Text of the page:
Honey Lime Vinaigrette – Summer Fresh
Sweet and sour, tangy and tart. A fresh blast of citrus to make your seasonal salads sing. Honey Lime Vinaigrette tossed with your favorite fruit, accented with greens and nuts and paired with your favorite grilled protein is sure to make summer meals amazing.
I love the play of sweet vs. savory and that’s one of the reasons I enjoy this vinaigrette. Enough acid to take the edge off sharp red onions, enough sweetness to underscore mango (as we have in our Spring Strawberry Mango Avocado Salad), Honey Lime Vinaigrette is so versatile. Along with our standard Mustard Vinaigrette, it’s a household staple.
The key to a great vinaigrette is the emulsification; that creamy blend of acid and oil that makes for a smooth and elegant pour – as opposed to a separated, gloopy mess. To my mind a proper vinaigrette should be fully, or at least partially, emulsified.
Emulsify | Definition
verb emul·si·fy \ i-ˈməl-sə-ˌfī \
emulsified; emulsifying transitive verb
Three factors contribute to a solid emulsification:
- The balance of oil vs liquid (vinegar, citrus, juice, fruit puree). Ideally your ratio should be 3 to 1, three parts oil to one part liquid. I use the word “liquid” because, if you want a less acidic result you can reduce your acid/citrus by half and replace the remaining volume with plain water and still get a stable result.
- A stabilizing agent or surfactant. Eggs (yoke mostly), mustard and honey are very common stabilizers in vinaigrettes. If I’m looking for a creamy hold in a particularly difficult vinaigrette, I’ll often add a tablespoon of mayo (egg) to help those pesky fat molecules to suspend individually rather than sticking together. In the pro-kitchen I’ve also used Agar Agar (a type of seaweed) and Guar Gum (derived from Guar Beans), which hold longer for sustained shelf life.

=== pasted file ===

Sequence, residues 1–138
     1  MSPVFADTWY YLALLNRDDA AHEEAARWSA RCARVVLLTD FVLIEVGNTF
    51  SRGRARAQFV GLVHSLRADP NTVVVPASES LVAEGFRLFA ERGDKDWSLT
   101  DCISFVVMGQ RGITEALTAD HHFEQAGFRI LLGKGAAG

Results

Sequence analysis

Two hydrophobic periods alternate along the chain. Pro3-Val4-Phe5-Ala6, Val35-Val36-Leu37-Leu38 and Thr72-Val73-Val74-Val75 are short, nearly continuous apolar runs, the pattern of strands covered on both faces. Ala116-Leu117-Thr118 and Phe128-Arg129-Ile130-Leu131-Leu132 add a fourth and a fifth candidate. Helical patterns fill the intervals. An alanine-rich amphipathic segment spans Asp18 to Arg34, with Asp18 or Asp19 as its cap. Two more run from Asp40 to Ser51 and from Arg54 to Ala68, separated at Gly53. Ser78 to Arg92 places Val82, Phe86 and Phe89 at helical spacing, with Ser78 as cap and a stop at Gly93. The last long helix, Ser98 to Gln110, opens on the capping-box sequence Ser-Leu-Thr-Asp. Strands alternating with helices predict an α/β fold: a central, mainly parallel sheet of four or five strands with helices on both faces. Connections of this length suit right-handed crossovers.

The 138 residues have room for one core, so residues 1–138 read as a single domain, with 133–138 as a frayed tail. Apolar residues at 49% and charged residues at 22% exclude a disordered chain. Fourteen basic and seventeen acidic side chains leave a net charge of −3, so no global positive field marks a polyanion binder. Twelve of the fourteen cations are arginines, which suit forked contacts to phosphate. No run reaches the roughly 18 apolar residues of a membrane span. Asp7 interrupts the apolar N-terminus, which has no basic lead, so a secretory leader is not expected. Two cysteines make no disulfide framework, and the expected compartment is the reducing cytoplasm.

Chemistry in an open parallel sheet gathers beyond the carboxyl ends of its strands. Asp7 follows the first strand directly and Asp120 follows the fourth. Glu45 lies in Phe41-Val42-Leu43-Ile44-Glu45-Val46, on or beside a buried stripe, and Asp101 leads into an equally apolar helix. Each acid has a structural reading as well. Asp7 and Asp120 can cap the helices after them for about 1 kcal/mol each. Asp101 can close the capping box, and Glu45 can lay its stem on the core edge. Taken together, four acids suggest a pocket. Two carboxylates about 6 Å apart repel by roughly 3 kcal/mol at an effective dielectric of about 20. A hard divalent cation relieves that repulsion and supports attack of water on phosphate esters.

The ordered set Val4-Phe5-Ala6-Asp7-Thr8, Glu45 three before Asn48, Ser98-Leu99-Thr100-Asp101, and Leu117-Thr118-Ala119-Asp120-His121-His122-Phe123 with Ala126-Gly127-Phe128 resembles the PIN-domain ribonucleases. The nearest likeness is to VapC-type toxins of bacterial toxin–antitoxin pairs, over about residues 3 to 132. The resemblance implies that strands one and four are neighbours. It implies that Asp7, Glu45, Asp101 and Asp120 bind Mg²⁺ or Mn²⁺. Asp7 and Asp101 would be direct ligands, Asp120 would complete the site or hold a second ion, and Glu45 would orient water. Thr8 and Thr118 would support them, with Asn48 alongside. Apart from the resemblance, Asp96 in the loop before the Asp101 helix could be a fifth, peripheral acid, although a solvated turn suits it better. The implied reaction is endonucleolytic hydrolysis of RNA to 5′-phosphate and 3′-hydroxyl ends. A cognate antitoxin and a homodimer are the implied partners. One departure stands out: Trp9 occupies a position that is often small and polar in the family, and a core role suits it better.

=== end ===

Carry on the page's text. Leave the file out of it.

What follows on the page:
- Technique. Technique. Technique. Key to a stable, smooth emulsion is the slow addition of oil. In this recipe for Honey Lime Vinaigrette we add our citrus (lime), stabilizers (honey and grainy Dijon mustard) along with our seasoning and spices all at once, then, SLOWLY add the oil as we whisk or blend for best results. Some advocate shaking all ingredients together in a jar, personally I’ve never found that method to hold in an emulsified state for very long. However, if I am keeping a prepared vinaigrette in the fridge for a couple of days and I’m just starting to see a bit of separation, a good shake will bring it all back to that smooth, milky state.
Cuisine is as much a science as it is an art, for more on rockin’ your vinaigrette and the science of ‘how to’ check out this post from the Serious Eats Food Lab and geek away. Technique and ratios, the basics of cooking in volume and seeing consistent results every single time.
- 2 tablespoons honey
- ¼ cup lime juice
- 1 tablespoon grainy Dijon mustard
- ¼ teaspoon Cumin
- ¼ cup Extra Virgin Olive Oil
- ¼ cup light cooking oil (safflower, grape seed, canola)
- salt & pepper - to taste
- Add honey, lime juice, grainy mustard, cumin, salt and pepper to a deep vessel, medium bowl or blender.
- Gradually add oil, in a thin, steady stream as you whisk, blend with your immersion blender or through the hole on the lid of the blender as you blend at medium high speed. Slowly drizzle oil until it's fully incorporated and your vinaigrette is smooth and opaque.
- Remove from measuring cup, bowl or blender and store in a jar with a tight fitting lid. Refrigerate until needed.
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